"THE NEW ZEALAND WAY"

Eurocentric regime; multi-cultural illusion


The New Zealand Way
Below, is an account of personal experiences with monocultural eurocentric organizations that were threatened by weather disasters. In the earlier examples, offers of help were ignored without consideration for the welfare of their members or the general public and no attempt was made to examine and discuss the merits of Indigenous WM.

It appears that these and other Pakeha institutions (government and non-government) would prefer to risk unnecessary loss of life and property than acknowledge that Indigenous (Maori) solutions may be more efficient, pertinent and cost-effective than their own.

News reports of institutional racism in Aotearoa New Zealand expose the attitudes and practices that characterize many organizations in both the private and public sectors. As a consequence, neglect and marginalization of Indigenous customs and beliefs has become endemic, particularly with regard to the contentious issue of power-sharing between Maori and Pakeha as expressed in the Treaty of Waitangi. The reader is invited to read these and other documents before making his or her own assessment of the situation.The experiences and events that are described reflect a larger global pattern of Pakeha oppression of Indigenous peoples .

Culture of Racial Exclusion
The institutions | organizations listed below exemplify stifling conservatism, racism and hostility towards creative Maori solutions. That a Pakeha business leader should identify these attitudes as the cause of poor economic and social performance over the past two decades is not surprising.

Furthermore, recent government attempts to extinguish Maori customary title of the foreshore and seabed has highlighted the need for a powerful Indigenous countervailing response, such as that provided by TWM. The Maori Party is another.

It should be remembered that, during the colonization process, Pakeha government deliberately enforced a policy of ensuring that Maori lost almost everything they once had.

Since Pakeha institutions refuse to cooperate in what could have been a Win-Win relationship, one other option is Win-Lose. See below.

1.  Watercare Services Ltd (1994)
The Auckland drought and water crisis exposed serious deficiencies in disaster management by the city's water supply company.

2.  Federated Farmers of New Zealand (1998)
During the 1997-8 drought TWM offered help to Federated Farmers. The president's reply reflected typical Pakeha bias. Drought prolonged.

3.  Auckland City Council (1999-2000)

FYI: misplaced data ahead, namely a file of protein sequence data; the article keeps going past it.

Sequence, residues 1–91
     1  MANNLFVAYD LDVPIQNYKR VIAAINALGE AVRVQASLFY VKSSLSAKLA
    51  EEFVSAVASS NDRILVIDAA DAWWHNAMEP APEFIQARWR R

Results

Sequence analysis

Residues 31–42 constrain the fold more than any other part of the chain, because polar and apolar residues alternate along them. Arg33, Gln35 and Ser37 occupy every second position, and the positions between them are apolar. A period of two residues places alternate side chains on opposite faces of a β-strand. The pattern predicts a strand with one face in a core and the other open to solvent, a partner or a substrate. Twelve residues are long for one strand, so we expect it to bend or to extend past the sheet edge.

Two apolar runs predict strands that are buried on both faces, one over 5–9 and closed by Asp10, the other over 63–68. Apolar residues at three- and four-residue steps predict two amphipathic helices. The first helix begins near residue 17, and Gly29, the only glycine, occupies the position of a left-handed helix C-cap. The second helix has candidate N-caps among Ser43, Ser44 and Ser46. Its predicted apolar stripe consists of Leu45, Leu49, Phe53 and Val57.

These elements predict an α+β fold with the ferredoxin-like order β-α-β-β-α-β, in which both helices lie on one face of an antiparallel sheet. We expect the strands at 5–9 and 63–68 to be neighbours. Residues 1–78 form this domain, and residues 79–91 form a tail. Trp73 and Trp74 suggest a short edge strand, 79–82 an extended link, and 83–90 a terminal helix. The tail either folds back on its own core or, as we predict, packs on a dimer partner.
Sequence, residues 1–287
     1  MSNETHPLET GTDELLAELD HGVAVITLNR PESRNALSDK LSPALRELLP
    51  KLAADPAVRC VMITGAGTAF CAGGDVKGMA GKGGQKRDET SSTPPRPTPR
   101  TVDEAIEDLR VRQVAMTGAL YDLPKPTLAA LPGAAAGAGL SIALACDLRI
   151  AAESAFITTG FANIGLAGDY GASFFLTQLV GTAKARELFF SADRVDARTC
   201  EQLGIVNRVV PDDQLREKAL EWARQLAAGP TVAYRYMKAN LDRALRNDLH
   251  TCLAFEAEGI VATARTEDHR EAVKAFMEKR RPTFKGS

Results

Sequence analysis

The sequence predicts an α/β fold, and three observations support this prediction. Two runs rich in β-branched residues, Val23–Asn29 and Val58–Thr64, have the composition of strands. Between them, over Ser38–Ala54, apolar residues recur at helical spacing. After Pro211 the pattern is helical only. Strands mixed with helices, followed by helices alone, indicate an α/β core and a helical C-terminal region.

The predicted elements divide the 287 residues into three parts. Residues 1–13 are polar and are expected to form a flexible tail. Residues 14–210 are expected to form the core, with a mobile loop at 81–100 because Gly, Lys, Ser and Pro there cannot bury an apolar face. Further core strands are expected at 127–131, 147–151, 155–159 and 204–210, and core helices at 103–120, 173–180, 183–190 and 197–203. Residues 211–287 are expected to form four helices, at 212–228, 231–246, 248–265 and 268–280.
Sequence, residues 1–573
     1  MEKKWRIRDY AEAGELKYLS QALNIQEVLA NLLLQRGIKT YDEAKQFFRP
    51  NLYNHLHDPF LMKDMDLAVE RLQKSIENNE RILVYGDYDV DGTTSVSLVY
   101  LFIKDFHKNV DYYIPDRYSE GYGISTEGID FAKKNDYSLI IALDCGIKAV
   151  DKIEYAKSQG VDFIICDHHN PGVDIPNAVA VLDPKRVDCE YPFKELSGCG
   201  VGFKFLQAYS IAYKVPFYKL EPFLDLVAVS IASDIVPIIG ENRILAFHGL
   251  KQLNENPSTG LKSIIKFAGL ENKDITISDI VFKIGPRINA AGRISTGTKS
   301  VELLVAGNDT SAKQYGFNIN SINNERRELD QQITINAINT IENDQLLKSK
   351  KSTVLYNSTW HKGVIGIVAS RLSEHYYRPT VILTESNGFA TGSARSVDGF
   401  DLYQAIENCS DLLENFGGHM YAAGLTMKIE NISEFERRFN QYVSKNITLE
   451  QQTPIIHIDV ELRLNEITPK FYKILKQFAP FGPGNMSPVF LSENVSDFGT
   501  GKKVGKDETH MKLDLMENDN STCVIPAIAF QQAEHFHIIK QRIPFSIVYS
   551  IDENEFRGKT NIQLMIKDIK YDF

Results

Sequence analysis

TWM contacted the Auckland City Council and offered to prevent severe weather from disrupting its Millennium celebrations. The offer was ignored; the result was predictable, appropriate, and deserved.

4.  Marlborough District Council and Ministry of Energy (2001)
Drought reappears. TWM contacts local and central authorities. Institutional prejudice prevails. Drought prolonged.

5.  Louis Vuitton and America's Cup Challenge (1999-2000)
An international event held in Auckland with Team NZ as the defender. TWM challenged orthodox mindsets as well as the syndicates.

6.  Louis Vuitton and America's Cup Challenge (2002-03)
TWM was better prepared and literally "blew away" the competition. Team NZ lost the America's Cup.

7.  Power Crisis - Aotearoa NZ (2003)
During the 2001 power crisis the Minister of Energy failed to respond appropriately to TWM's offer of help. He was given another opportunity to get it right.

8.  NZ Drought-Heatwave-Storms (2003-04)
Right on cue. Amazing thing... synchronicity.

9. The Big Flood, NZ (Feb, 2004)
Waitangi Day signals the end to 164 years of Pakeha institutional racism.

10.  Bay of Plenty Floods (July, 2004)
 More to come.

11.  NZ Floods-Blizzard (Aug, 2004)
Third major flood for the year. Read what the "experts" say.

12.  NZ Summer Floods (2004-05) plus Flood #4.
Media describe it as "The summer that isn't".

13.  Bay of Plenty Floods (May, 2005)
See #10 above.

14.  North and South Island power cuts (June, 2006)
Who has the power?

15.  Transit New Zealand (January, 2007)
Another case of
Pakeha institutional racism.

16.  NZ Floods, Nationwide (2008)
Who owns the water?

 
 
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Last modified: 30 August 2008
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